Designed as a scrolling action game, Ghosts ‘n Goblins only required three skills: running, jumping and firing. If it moved, it had to be killed. Arthur began the game armed with throwing lances, but new weapons—fire, axe, dagger and cross—were available by killing certain enemies (those carrying clay pots).

With those implements of demonic destruction, Arthur wended his way through a graveyard, a dark forest, a run-down town, a series of caves, across a bridge and on to the castle where the Princess was held. Each stage was filled with scary beasts of every kind—zombies, ghosts, giants, demons, skeletons, etc.—each capped off by a particularly hideous boss. And just to save you several hours’ worth of frustration, you can only kill that devil boss at the end with the shield weapon. Try anything else, and you’ll find yourself flying back to level one with a teardrop in your eye, bucko.

Arthur began the game with the customary three lives, but that was where the suit of armor came in handy. The first hit on Arthur’s mortal body smashed the armor off, leaving Arthur alive but wearing nothing but his Medieval skivvies. Another hit cost one life, but extra suits of armor were conveniently stashed at certain points in the game if Arthur survived that long.

A hit both in the arcades and on the then-new Nintendo Entertainment System, Ghosts ‘n Goblins won players over with its fundamental action gameplay and its cartoony, yet somehow still creepy graphics. A sequel, Ghouls ‘n Ghosts, was released in 1988, adding flashier graphics and new power-ups (including the power-enhancing golden armor) to a brand-new storyline. And yes, it did involve rescuing that perpetually-victimized princess from the devil again (when will these royals ever learn?).

Music Monday – Week of October 1

 

Music Monday

US Top 40 Singles for the Week Ending October 1, 1983

  • Bonnie Tyler’s “Total Eclipse of The Heart” moves into the #1 spot. A song penned by Jim Steinman, it was originally SEVEN MINUTES long and titled “Vampires In Love”. He wrote it while working on the musical version of Nosferatu.
  • Another Jim Steinman song, Air Supply’s “Making Love Out of Nothing At All”, moves into the top 5. It’s a song that was originally presented to Meat Loaf for his Midnight at the Lost and Found album. Meat Loaf claims both of these songs were presented to him for said album but Steinman refutes this claim saying he wront “Eclipse” specifically with Bonnie Tyler in mind.

 

Welcome to Spooktober 2018!

Retro Halloween

 

With the exception of that traditional eve when jolly St. Nick visits the chimneys of the world, there is perhaps no holiday quite as beloved, or more anticipated by kids than Halloween, the last day in October that we have long set aside as an evening to congregate in costume and perhaps even scare ourselves silly. It is a time of ghouls and goblins, of witches and black cats, of costume parties and grinning pumpkins. And, if that wasn’t enough, every kid knows that it is the one night when it is perfectly acceptable to beg door-to-door for candy. Now, that’s a holiday!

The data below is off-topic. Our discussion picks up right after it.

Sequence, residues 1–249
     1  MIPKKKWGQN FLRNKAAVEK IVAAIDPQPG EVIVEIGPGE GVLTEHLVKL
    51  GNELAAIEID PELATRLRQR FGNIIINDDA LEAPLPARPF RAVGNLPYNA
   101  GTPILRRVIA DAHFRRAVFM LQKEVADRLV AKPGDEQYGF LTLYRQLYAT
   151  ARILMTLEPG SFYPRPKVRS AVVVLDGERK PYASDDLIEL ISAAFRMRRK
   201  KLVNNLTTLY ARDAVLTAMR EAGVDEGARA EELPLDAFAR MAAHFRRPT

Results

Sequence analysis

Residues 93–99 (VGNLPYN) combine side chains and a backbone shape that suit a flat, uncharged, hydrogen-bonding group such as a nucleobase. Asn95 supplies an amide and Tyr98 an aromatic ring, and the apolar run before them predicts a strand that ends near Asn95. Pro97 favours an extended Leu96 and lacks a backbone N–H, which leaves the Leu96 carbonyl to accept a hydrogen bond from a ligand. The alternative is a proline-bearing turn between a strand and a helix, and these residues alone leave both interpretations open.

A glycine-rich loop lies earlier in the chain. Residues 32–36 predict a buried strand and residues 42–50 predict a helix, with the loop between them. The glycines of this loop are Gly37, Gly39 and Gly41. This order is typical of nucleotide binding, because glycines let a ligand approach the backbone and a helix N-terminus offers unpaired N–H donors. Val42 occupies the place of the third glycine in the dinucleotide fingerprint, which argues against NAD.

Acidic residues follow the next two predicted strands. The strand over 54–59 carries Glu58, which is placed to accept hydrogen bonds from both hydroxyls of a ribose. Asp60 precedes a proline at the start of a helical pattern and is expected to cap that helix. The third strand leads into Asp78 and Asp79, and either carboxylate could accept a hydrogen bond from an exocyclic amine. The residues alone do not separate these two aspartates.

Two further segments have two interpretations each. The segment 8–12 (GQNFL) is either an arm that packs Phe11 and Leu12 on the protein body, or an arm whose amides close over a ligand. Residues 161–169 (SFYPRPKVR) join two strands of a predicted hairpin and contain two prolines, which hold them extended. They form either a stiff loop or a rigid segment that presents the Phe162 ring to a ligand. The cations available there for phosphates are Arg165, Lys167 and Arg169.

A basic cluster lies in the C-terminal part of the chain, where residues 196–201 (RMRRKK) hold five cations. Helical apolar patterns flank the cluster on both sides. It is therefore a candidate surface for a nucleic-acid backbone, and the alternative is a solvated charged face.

The origins of Halloween trace back centuries, a mixture of Roman and Celtic customs that celebrated the transition from fall into winter. Trick or treating may be traced as far back as the Middle Ages, when it was called “souling”. Poor folks went from door to door, saying prayers for the dead and, in return, received a few scraps of food. In Scotland, they called it “guising” where participants would hollow out turnips, turn them into lanterns and carry them from door to door. For their efforts, they might receive money, cakes or perhaps some fruit. That sounds nice, but it took some American ingenuity to create the confection-heavy version we’ve come to know and love.

The trick or treating we are now accustomed to started in the 30s, then was brought to a grinding halt when sugar rations became necessary during WWII. Shortly after the war ended, however, children’s magazines like Jack and Jill began promoting the practice again, as did the Peanuts comic strip, and even Walt Disney, who released the classic cartoon, “Trick or Treat,” in 1952.

 

 

Kids have been banging on doors ever since, begging for treats, and if denied, perfectly willing to exact revenge via mischievous pranks. Hell hath no scorn like a kid deprived of candy. Most pranks involved such household items as eggs, toilet paper, shaving cream and soap. You can use your imagination, but let’s just say that they were often used in ways in which they weren’t intended. And, of course, the granddaddy of pranks was the smashing of some poor soul’s pumpkin (there’s a band name in there somewhere) on the pavement.